Tonight is the premiere of Lost. Woo! Speed's death Monday on CSI: Miami was moving. Best of luck to Rory in his future endeavors. Speaking of which, Time Magazine doesn't find Joey as hilarious as I do. It feels Matt LeBlanc's transplant has altered the character we remember so fondly from Friends. To which I say. Duh. Shouldn't sitcom characters have a chance to be semblances of real people? And what real people don't change in different company? Joey was usually the idiot in the pack of six because that was the easiest role to fill. He didn't need to pull off Chandler-esque lines because, well, Chandler was there to pull them off. New York Joey (or Joey: New York, for those CSI fans) had a lot less freedom than L.A. Joey, whose social sphere consists of his sister (at some point I hope someone mentions the elephant in the room, say the about dozen other sisters he has, including the one Chandler made out with, whichever one that was), and his nephew. It's a whole new dynamic. I hope he isn't the same guy. It'd be idiotic to just drag over the same characteristics. How could he carry a series? Who would take him seriously? And funny as they're supposed to be, sitcom characters also need to be taken seriously. It's what makes and breaks a series. Well, most of the time. Like the series above, this one might also depend on the transition from one series to another for its star.
And LeBlanc proves he's a star here.

...Damn comparisons...

And now to compare WWE Raw and Smackdown. :D Seriously, though, if The Rock is not currently scheduled to appear on Smackdown's fifth anniversary special this Thursday, could he at least surprise us? The show was named in his honor!

Raw, meanwhile, is going to have...yet...another...PPV, this one hitting Oct. 19, on a Tuesday, when Smackdown is usually taped. It's called Taboo Tuesday and will feature matches made by the fans. Hopefully Smackdown will get one of these at some point too, maybe when it gets some respect. Any respect will do. But Randy Orton is proving to be a scrapper, a constant hound for Evolution and Triple H, and he's got Chris Benoit and Shelton Benjamin to back him up. Besides that, Raw has wisely chosen to use Shawn Michaels in the ongoing Y2J-Christian feud. Very nice. And Kane has got his ongoing saga with Lita. The problem is Raw has nothing else going for it. Maybe that's the whole point of Taboo Tuesday, to give Raw a better sense of what the fans actually want. Hopefully what they want is for something fresh to happen, and by that I don't mean the umpteenth wrinkle in a current storyline. What Raw really needs to a shake-up, a few more stars to be relevant, even to lesser degrees. Raw has no notion of that. It's notion is to use La Resistance, or Maven, or Tajiri, or the Hurricane, randomly and to no cumulative importance, to pad out the program, much like the women's division, which constantly suffers from reiterative creative blah. How many tag team matches can these gals take?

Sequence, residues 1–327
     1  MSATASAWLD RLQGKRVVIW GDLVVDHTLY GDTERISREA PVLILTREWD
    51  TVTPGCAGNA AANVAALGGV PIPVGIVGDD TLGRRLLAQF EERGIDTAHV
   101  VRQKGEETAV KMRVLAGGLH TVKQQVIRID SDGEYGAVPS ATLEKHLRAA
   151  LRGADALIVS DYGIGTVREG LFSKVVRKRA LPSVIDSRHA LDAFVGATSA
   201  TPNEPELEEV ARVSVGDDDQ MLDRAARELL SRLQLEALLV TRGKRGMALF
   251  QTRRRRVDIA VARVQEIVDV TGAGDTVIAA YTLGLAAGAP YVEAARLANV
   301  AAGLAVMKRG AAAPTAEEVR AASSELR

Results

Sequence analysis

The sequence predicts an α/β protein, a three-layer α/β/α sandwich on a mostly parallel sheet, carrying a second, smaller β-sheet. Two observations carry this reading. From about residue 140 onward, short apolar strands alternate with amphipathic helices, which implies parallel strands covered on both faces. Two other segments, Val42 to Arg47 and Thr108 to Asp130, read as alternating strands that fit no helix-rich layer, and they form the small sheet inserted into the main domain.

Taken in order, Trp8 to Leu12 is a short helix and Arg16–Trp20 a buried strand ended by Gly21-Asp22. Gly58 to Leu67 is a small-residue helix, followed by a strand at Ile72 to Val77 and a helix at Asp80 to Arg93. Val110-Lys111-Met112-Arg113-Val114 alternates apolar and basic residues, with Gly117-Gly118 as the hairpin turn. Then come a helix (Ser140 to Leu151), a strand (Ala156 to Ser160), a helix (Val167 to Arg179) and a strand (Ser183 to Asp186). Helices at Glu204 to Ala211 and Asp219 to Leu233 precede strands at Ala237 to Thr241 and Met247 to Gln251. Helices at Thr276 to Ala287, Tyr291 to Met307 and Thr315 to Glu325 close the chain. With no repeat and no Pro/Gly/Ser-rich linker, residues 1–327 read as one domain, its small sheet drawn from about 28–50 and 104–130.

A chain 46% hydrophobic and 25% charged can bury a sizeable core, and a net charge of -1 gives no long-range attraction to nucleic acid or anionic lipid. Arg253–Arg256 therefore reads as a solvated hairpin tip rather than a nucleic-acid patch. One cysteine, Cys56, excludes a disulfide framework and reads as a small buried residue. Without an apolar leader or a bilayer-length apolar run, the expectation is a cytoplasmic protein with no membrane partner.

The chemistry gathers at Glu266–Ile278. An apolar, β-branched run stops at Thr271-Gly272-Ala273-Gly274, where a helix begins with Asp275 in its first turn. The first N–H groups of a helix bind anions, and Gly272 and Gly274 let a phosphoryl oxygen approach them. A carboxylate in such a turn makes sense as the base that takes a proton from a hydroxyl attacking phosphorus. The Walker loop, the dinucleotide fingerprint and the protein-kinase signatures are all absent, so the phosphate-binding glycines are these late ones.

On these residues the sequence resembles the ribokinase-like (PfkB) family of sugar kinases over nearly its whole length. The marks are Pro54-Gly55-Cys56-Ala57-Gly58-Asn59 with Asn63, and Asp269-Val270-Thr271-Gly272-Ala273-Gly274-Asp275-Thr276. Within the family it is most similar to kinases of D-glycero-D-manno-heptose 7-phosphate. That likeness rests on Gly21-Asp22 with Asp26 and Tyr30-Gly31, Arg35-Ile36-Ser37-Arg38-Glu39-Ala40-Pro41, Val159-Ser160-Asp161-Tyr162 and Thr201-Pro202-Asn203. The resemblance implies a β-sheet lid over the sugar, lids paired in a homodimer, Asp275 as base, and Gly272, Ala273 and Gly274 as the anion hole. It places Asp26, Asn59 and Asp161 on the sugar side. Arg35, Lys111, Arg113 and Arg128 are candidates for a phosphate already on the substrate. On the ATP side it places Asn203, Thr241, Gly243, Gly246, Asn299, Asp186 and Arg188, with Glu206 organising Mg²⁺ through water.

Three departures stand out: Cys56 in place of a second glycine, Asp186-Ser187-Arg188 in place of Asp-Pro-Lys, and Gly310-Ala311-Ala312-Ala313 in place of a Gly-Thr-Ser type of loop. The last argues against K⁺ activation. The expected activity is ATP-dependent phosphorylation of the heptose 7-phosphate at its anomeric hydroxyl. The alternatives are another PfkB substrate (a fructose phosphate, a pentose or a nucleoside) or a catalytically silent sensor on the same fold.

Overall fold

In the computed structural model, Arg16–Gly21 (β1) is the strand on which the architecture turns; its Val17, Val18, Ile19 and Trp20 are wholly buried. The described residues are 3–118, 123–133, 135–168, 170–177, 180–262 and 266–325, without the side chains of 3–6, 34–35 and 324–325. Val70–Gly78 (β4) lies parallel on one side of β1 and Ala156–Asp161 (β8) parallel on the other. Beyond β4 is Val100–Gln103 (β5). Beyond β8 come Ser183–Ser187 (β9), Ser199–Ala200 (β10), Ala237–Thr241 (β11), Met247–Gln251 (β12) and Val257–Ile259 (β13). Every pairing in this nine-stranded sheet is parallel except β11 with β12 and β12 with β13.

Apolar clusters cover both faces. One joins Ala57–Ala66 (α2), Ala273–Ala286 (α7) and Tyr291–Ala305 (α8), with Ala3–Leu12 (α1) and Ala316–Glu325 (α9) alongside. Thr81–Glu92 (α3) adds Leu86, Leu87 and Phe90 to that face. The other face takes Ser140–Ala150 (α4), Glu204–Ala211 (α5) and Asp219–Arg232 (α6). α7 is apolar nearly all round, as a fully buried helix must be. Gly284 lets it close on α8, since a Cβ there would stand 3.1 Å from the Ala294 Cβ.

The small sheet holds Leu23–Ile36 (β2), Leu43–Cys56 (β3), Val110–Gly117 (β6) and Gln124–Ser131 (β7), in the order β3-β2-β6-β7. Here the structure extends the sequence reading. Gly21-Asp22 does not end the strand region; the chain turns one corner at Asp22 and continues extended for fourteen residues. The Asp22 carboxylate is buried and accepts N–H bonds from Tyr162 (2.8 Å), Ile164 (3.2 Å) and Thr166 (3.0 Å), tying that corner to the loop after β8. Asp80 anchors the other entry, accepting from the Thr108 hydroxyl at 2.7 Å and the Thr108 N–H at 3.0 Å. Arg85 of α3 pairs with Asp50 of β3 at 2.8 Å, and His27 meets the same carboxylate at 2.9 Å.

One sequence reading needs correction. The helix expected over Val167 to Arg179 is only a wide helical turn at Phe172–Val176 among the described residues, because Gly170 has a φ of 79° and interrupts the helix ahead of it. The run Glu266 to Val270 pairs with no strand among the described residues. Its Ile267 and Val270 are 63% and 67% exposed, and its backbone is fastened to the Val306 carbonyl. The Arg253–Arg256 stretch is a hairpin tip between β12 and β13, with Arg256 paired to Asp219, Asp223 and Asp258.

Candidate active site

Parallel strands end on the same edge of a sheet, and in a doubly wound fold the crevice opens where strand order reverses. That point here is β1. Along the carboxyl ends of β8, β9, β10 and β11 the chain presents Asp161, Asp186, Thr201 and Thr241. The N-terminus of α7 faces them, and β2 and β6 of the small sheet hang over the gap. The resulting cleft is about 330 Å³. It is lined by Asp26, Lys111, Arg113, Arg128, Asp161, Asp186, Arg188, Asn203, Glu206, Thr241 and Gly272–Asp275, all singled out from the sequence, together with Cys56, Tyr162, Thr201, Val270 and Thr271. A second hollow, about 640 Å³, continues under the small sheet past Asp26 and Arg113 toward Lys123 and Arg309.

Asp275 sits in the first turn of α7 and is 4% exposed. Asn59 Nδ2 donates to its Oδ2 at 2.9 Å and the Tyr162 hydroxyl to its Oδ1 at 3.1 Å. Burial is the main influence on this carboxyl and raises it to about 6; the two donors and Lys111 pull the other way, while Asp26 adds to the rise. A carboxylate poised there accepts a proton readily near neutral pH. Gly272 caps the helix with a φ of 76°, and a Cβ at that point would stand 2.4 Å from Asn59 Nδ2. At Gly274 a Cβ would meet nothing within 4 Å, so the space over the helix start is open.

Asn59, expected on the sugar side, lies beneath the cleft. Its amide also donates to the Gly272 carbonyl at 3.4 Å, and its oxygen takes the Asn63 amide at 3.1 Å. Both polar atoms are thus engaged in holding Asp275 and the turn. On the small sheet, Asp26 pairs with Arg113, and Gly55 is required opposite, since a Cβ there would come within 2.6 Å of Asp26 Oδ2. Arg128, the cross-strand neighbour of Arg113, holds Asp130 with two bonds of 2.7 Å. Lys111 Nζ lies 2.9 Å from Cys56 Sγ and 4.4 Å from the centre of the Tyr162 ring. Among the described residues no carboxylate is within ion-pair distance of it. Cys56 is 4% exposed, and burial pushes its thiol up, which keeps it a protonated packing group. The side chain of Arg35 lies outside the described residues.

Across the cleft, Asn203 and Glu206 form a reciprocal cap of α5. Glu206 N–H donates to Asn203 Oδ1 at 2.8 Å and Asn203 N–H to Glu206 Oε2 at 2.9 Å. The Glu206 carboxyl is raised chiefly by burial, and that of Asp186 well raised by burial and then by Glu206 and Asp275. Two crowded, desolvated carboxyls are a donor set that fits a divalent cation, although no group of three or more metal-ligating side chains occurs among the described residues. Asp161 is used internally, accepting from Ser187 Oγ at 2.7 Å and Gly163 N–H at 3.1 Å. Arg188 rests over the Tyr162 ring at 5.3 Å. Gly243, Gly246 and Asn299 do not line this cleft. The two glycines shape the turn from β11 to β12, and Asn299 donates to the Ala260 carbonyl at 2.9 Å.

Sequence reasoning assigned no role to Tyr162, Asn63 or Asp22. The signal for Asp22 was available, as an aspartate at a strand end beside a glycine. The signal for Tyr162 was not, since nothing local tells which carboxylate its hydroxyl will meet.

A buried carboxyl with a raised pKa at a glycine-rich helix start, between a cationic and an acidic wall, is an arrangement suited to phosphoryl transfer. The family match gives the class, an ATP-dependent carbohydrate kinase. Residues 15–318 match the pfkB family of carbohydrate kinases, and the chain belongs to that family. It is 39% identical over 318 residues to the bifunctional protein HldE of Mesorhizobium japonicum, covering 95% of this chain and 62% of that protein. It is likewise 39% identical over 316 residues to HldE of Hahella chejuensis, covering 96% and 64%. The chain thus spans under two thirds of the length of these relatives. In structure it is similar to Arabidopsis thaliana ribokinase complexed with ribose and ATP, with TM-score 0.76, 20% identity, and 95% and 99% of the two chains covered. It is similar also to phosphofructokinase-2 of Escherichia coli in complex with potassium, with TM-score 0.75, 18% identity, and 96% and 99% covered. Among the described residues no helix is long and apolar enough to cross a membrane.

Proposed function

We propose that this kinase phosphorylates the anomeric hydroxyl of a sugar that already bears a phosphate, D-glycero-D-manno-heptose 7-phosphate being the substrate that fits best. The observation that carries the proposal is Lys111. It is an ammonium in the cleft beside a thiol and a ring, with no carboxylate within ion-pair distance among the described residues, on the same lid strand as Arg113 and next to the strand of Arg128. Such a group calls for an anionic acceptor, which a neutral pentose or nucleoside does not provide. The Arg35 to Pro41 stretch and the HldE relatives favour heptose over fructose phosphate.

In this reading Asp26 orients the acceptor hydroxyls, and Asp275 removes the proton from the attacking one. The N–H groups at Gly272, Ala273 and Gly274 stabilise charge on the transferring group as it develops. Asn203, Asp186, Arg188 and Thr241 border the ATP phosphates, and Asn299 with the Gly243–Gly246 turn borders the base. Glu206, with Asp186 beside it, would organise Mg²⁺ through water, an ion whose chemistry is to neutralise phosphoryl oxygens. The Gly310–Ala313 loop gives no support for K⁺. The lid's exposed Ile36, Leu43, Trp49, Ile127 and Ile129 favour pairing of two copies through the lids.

As it looks now, Eddie Guerrero will be meeting Luthor Reigns at No Mercy. This is good news for Eddie, who's remaining far more relevant than Chris Benoit, whose an afterthought in the continuing Evolution domination (Eugene will be fighting Eric Bischoff Oct. 19; maybe this means they still remember him), and great news for Reigns. This guy might finally be starting to go somewhere, about ten times quicker than Batista. And he totally deserves it. JBL and Oz have added Viscera and Gangrel to their staff, which in effect turns the table all the way around on the Undertaker, after his Ministry years, the ones I least enjoyed him, even though it gave us Edge and Christian as well as the APA (not to mention Naked Mideon...come to think of it I probably shouldn't have mentioned it). Gangrel still has one of the best entrance themes in the business, the backword breathing and the drumbeat and all. Viscera was noticeably slow last Thursday, too. I don't expect at least him to be around that long. If this is the kind of stuff Smackdown can do in Raw's shadow, then I'm all for it.